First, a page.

How to Use Gsub() in R – With Examples

Need to selectively replace multiple occurrences of a text within an R string? Never fear, the R gsub () function is here! This souped up version of the sub() function doesn’t just stop at the first instance of the string you want to replace. It gets them ALLLL…..

So when you want to utterly sanitize an entire string full of data, clearing out every instance of heretical thought, gsub in r is your go-to solution…

How To Use gsub () in R

The basic syntax of gsub in r:.

gsub(search_term, replacement_term, string_searched, = FALSE, perl = FALSE, fixed = FALSE, useBytes = FALSE)

Breaking down the components:

  • The search term – can be a text fragment or a regular expression.
  • Replacement term – usually a text fragment
  • String searched – must be a string
  • Ignore case – allows you to ignore case when searching
  • Perl – ability to use perl regular expressions
  • Fixed – option which forces the sub function to treat the search term as a string, overriding any other instructions (useful when a search string can also be interpreted as a regular expression.

A working code example – gsub in r with basic text:

# gsub in R
> base <- "Diogenes the cynic searched Athens for an honest man."
> gsub("an honest man", "himself", base)
[1] "Diogenes the cynic searched Athens for himself."

GSub in R – Regular Expressions

R’s gsub() function can work with regular expressions. Here’s an example of this below, where we are going to remove all of the punctuation from a phone number.

# gsub in R - regular expressions
> phone <-"(206) 555 - 1212"
> gsub("[[:punct:][:blank:]]","",phone)
[1] "2065551212"

As you can see, that phone number got a lot skinnier in a hurry! It will also now fit neatly in a numeric field within a database, which is a much easier way to store and manage this type of information.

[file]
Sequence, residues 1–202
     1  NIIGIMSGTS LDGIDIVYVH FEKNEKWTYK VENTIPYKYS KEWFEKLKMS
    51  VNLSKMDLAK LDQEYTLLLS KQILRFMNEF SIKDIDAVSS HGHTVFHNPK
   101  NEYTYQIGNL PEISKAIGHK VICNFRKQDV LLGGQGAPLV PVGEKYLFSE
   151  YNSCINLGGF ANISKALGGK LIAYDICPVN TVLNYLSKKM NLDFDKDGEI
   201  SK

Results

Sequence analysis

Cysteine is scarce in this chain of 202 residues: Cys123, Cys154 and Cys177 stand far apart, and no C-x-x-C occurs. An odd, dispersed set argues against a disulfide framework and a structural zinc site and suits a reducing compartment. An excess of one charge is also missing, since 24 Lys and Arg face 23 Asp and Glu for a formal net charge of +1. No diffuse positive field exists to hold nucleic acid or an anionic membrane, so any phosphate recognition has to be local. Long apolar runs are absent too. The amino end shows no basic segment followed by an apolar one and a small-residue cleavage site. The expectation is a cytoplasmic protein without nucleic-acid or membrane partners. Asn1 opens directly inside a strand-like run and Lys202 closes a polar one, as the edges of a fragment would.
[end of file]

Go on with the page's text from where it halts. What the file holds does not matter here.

Sub in R – Searching for patterns

You can use regular expressions to look for more advanced patterns. In the example below, we’re going to grab the first sequence of 1 – 3 n’s and replace them with a star (not harming any additional n’s in excess of that amount).

# sub in r - regular expression pattern matching
> base <- "bnnnnnannannasplit"
> gsub("n{1,3}","*",base)
[1] "b**a*a*asplit"

As you can see, it tagged multiple subsets of n’s – far more than the original version of this example in our tutorial on sub.

Sub in R – Finding Alternative Matches

Sometimes what you’re looking for may involve more than one thing. In the example below, we want to adjust a pet specific text (dog, cat, etc.) to refer the companion animal as a more generic “pet”. We use the | operator within a regular expression to set this up.

# sub in r - regular expression for alternatives
> base <- "I love my dog even though it may annoy with my cat"
> gsub("dog|cat|hamster|goat|pig","pet", base)
[1] "I love my pet even though it may annoy with my pet"

Mission accomplished, although the final results may look a little bit weird. The original version (sub tutorial) reads a bit better. In any event, this regex syntax allows you to sweep through a line of text and replace multiple words.

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